Skip to main content Accessibility help

Studies on site finding and site specificity of Eimeria praecox, Eimeria maxima and Eimeria acervulina in chickens

  • P. L. Long (a1) and B. J. Millard (a1)


Sporozoites of 3 species of Eimeria were introduced into the caecum of young chickens. E. praecox and E. maxima failed to develop in this site, but light infections of E. acervulina were detected. Infection of the small intestine with all 3 species occurred when sporozoites were introduced via the caecum.

Infections were produced when mucosal scrapings of small intestine from birds, inoculated via the caecum 1–4 h previously, were inoculated orally to susceptible chickens. Experiments with 51Cr-labelled sporozoites of E. praecox introduced in the caecum, confirmed that small numbers of sporozoites are capable of migrating from the lower to the upper intestine. Sporozoites were not transferred with liver tissue from birds given sporozoites via the caecum but were transferred with the liver of chickens given sporozoites intraperitoneally.



Hide All
Akester, A. R., Anderson, R. S., Hill, K. J. & Osbaldiston, G. W. (1967). A radiographic study of urine flow in the domestic fowl. British Poultry Science 8, 209–12.
Cooper, D. M. & Timms, J. R. (1972). The rearing and maintenance of breeding chickens in isolators. I. Glassfibre isolators. Avian Pathology 1, 4757.
Davies, S. F. M. & Joyner, L. P. (1962). Infection of the fowl by the parenteral inoculation of oocysts. Nature, London 194, 996–7.
Horton-Smith, C. & Long, P. L. (1965). The development of Eimeria necatrix Johnson, 1930 and Eimeria brunetti Levine, 1942 in the caeca of the domestic fowl (Gallus domesticus). Parasitology 55, 401–5.
Horton-Smith, C. & Long, P. L. (1966). The fate of the sporozoites of Eimeria acervulina, Eimeria maxima and Eimeria mivati in the caecum of the fowl. Parasitology 56, 569–74.
Joyner, L. P. & Long, P. L. (1974). The specific characters of the Eimeria with special reference to the coccidia of the fowl. Avian Pathology 3, 145–57.
Joyner, L. P. & Norton, C. C. (1972). The development of Eimeria acervulina in the caeca of young fowls. Parasitology 64, 479–83.
Landers, E. J. (1960). Studies on excystation of coccidial oocysts. Journal of Parasitology 46, 195200.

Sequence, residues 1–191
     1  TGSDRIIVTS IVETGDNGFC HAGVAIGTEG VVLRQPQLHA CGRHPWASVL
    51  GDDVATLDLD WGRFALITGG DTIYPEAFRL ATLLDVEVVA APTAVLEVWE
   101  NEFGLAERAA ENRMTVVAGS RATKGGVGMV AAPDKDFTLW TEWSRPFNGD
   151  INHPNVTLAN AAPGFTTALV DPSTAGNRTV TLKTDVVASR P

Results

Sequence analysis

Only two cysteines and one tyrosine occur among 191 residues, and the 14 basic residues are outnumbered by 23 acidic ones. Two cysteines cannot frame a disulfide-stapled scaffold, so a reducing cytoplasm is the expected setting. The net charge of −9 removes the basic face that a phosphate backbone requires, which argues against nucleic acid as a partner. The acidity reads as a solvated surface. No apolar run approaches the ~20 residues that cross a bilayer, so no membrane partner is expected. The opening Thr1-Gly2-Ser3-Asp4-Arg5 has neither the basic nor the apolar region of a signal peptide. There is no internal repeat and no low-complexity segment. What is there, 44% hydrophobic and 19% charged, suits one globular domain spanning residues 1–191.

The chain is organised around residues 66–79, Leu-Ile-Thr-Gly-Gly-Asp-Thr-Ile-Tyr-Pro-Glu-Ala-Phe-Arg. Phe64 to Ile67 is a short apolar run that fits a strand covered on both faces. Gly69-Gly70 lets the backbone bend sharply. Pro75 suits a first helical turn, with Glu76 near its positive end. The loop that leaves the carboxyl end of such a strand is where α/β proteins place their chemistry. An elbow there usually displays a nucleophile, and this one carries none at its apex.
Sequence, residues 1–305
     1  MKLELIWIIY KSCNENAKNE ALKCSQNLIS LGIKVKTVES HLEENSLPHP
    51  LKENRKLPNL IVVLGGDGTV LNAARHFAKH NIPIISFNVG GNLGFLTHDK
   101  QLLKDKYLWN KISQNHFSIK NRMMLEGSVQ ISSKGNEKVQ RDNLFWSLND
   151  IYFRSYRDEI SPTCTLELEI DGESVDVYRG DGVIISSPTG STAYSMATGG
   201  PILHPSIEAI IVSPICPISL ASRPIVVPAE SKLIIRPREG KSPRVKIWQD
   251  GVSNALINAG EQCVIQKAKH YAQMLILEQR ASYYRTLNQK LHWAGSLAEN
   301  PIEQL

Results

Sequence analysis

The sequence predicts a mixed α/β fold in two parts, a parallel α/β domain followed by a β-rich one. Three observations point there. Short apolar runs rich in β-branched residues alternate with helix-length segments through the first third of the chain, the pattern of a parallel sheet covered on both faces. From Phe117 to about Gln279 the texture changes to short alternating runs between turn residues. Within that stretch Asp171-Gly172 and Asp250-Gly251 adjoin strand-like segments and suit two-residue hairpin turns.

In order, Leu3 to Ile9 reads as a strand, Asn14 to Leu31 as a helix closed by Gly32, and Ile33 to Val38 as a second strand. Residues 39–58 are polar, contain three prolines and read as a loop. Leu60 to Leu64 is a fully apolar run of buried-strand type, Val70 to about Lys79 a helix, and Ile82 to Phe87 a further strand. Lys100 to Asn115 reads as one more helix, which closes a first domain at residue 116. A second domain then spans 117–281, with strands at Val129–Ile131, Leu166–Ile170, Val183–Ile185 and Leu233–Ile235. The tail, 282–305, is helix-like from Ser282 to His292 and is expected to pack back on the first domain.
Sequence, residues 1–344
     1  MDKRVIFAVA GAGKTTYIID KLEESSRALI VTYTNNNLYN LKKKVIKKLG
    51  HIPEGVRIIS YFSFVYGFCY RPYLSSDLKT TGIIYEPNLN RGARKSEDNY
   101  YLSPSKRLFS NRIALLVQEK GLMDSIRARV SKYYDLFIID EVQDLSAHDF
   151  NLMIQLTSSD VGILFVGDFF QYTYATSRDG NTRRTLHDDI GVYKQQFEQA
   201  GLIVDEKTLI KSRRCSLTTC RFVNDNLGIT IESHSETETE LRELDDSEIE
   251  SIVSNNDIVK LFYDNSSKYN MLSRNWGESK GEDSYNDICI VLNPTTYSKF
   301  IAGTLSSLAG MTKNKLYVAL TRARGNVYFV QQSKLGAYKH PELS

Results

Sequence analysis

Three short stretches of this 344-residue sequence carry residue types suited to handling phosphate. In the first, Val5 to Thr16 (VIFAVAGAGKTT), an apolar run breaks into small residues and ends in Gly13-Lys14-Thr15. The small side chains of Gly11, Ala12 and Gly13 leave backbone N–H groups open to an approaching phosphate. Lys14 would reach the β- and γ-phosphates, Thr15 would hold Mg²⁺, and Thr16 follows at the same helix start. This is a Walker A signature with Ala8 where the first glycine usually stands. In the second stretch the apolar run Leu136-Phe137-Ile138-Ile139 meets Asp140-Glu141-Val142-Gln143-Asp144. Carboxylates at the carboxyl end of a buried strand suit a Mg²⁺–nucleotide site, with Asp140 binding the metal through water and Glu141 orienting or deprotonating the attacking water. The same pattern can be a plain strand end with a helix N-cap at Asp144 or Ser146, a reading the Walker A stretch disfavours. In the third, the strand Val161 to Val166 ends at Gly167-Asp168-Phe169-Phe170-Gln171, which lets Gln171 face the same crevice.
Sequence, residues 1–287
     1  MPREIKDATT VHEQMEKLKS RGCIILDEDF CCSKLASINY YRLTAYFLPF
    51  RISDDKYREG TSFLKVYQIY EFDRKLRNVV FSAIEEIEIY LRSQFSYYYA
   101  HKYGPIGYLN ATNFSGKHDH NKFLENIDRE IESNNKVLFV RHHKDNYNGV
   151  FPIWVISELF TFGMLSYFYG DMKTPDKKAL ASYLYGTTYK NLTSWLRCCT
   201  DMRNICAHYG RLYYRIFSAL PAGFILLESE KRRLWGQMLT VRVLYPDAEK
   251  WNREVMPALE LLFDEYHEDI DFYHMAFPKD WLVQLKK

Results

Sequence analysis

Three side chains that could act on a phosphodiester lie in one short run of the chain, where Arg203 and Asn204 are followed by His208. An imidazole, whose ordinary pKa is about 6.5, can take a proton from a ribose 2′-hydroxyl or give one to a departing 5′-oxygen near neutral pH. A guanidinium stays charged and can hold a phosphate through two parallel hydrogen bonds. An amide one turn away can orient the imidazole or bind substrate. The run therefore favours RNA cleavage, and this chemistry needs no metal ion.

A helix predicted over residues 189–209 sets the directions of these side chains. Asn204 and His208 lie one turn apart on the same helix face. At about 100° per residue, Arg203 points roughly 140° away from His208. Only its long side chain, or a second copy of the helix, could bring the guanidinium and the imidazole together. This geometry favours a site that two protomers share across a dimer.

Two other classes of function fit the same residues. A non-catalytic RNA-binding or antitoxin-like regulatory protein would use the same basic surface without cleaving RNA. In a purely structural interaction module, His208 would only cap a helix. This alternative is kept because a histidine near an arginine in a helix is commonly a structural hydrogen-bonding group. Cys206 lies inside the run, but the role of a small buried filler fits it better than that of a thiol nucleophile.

Long, P. L. (1967). Studies on Eimeria praecox Johnson, 1930, in the chicken. Parasitology 57, 351–61.
Long, P. L. (1971). Maintenance of intestinal protozoa in vivo with particular reference to Eimeria and Histomonas in isolation and maintenance of parasites in vivo. 9th Symposium British Society of Parasitology, pp. 6575. Oxford: Blackwells.
Long, P. L. (1972). Eimeria tenella: reproduction, pathogenicity and immunogenicity of a strain maintained in chick embryos by serial passage. Journal of Comparative Pathology and Therapeutics 82, 429–37.
Long, P. L. (1973). Studies on the relationship between Eimeria acervulina and Eimeria mivati. Parasitology 67, 143–55.
Long, P. L. & Rowell, J. G. (1958). Counting oocysts of chicken coccidia. Laboratory Practice 7, 515–19.
Pierce, A. E., Long, P. L. & Horton-Smith, C. (1962). Immunity to Eimeria tenella in young fowls (Gallus domesticus). Immunology 5, 129–52.
Shirley, M. W. (1975). Enzyme variation in Eimeria species of the chicken. Parasitology 71, 369–76.
Sharma, N. N. & Reid, W. M. (1962). Successful infection of chickens after parenteral inoculation of oocysts of Eimeria spp. Journal of Parasitology 48 (Suppl.), 33.
Wagenbach, G. E. (1969). Purification of Eimeria tenella sporozoites with glass bead columns. Journal of Parasitology 55, 833–8.

Studies on site finding and site specificity of Eimeria praecox, Eimeria maxima and Eimeria acervulina in chickens

  • P. L. Long (a1) and B. J. Millard (a1)


Full text views

Total number of HTML views: 0
Total number of PDF views: 0 *
Loading metrics...

Abstract views

Total abstract views: 0 *
Loading metrics...

* Views captured on Cambridge Core between <date>. This data will be updated every 24 hours.

Usage data cannot currently be displayed